One could (and I guess I am about to) argue that the various communication tools that are central to Extreme Programming -- namely the practices: small team; pair programming; co-location; daily-standups; continuous integration; on-site customer; and iteration planning game -- are aimed at producing a situation where everyone knows everything about the design and features of the system being worked on.
As the number of people on a software team grows, it becomes harder to accomplish this goal, and so there becomes a need for people who are what I term knowledge nodes: these people seek to understand the entirety of the design and features being worked on, so they can communicate relevant bits of that information to others who then have partial (but presumably sufficient) knowledge to do their jobs. Further, it appears common (and a function of both culture and team-size) to break the two areas of knowledge (i.e. design and feature-set) from each other and create specialized nodes for each of them.
The name of role such a person plays on the team varies, but Project Manager, Analyst, Lead Developer, Lead Programmer and Architect are all commonly used. Each of these incline toward the design or the feature (i.e. technical and business) aspects of the information on a project-by-project basis.
What do the people who are good at these roles have in common? In my experience, they are good communicators: they are skilled at gathering, explain ing and sharing knowledge about the design and/or the features of a software system.
The interesting thing (or at the very least: the reason I started writing this today) is that even very small teams need at least one such person. Even on a team with a half-dozen people or so (such as the one I work with now), if the knowledge of the system fails to reach a knowledge node -- it is less likely to get shared with everyone.
Right or Wrong I have always seen myself in this role. I've also (right or wrong) had a tendency to feel like if I didn't know something about the design or features of the system I was working on it wasn't known.
(and so, yes this entire analysis may be nothing more than ego gratification of my self-perceived role on software projects)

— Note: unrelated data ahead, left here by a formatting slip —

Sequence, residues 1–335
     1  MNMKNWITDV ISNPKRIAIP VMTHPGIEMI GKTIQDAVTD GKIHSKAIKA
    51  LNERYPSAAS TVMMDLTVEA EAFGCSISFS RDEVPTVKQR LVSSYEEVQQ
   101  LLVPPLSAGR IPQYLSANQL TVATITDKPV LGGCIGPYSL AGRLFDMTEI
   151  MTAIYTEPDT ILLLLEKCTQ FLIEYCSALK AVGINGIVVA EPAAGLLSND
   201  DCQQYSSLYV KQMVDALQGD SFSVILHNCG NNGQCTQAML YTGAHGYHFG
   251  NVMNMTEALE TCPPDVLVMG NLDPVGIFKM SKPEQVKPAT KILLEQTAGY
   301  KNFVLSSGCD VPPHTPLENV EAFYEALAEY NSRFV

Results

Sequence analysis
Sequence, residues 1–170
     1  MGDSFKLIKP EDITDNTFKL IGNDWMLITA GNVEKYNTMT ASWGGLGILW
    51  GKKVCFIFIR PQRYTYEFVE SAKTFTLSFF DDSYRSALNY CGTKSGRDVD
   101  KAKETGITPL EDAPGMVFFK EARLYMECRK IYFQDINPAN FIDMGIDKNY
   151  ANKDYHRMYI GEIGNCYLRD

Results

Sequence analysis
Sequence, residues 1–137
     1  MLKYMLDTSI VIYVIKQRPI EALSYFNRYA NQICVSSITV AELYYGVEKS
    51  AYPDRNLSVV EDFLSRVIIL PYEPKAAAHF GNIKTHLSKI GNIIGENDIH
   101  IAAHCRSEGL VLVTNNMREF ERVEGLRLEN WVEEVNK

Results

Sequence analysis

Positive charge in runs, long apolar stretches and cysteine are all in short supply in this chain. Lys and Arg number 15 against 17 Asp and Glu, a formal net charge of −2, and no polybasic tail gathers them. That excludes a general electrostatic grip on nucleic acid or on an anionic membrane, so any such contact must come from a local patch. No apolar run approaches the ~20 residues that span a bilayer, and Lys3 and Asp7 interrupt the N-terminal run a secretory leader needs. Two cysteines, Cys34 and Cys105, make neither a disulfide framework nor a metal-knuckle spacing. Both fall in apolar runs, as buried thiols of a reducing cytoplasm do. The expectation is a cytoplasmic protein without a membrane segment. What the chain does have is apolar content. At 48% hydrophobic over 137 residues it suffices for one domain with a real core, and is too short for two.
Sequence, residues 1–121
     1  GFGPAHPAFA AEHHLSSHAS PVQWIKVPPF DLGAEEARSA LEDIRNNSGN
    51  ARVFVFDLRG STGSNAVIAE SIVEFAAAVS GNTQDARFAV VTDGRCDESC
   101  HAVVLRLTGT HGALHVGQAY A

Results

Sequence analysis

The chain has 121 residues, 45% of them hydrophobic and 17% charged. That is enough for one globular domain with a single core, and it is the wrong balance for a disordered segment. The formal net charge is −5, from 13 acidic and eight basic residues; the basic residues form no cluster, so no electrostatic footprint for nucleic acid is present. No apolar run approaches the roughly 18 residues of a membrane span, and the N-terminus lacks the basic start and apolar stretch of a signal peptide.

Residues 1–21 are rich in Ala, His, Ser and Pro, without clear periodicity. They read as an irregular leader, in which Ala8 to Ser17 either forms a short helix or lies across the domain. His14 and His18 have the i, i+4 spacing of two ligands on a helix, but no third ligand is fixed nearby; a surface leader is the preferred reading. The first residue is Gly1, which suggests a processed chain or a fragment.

So now that I've found yet another way to describe my role on a software project, so what? Well, for those of you who also find yourself in this (or working with someone playing this) role, I have some advice:
That while you may think that things are not known (objective) unless you know them (subjective) remember that's your ego talking (but it still may be true if your team has come to rely on it).
If you are not someone who likes to talk endlessly (I've heard the word 'pontificate' a few times in my career) about design and feature ideas, get your thoughts to someone who does -- they'll make the rounds for you.
On small teams, one or two such people are more than enough (too many, and there will be no work, just talk) -- but you do need at least one to forge a team (otherwise everyone will just work on their bit without knowing about the rest).
Don't confuse knowledge nodes with knowledge creators -- good teams have both, and often the same person isn't good at both.
Particularly (as in my case) people are rarely good at both at the same time. I find that I can share design and feature knowledge, or I can create it, but when I am doing a lot of one, I am doing very little of the other. (team-size, iterations and pairing help with this -- as does some self-discipline on my part to keep it balanced).
Finally, the (presumed) XP goal of everyone knowing everything is in pratice accomplishable by making sure the knowledge node(s) of the team know everything and then get it shared around. If you are playing this role, you have to gather and share. If you are disinclined to do so, you have a responsibility -- at least -- to get what you know to such a person, so they can share what you know about the system with everyone else. This use of knowledge nodes may be (I don't know I just musing here) the key to an effective software team.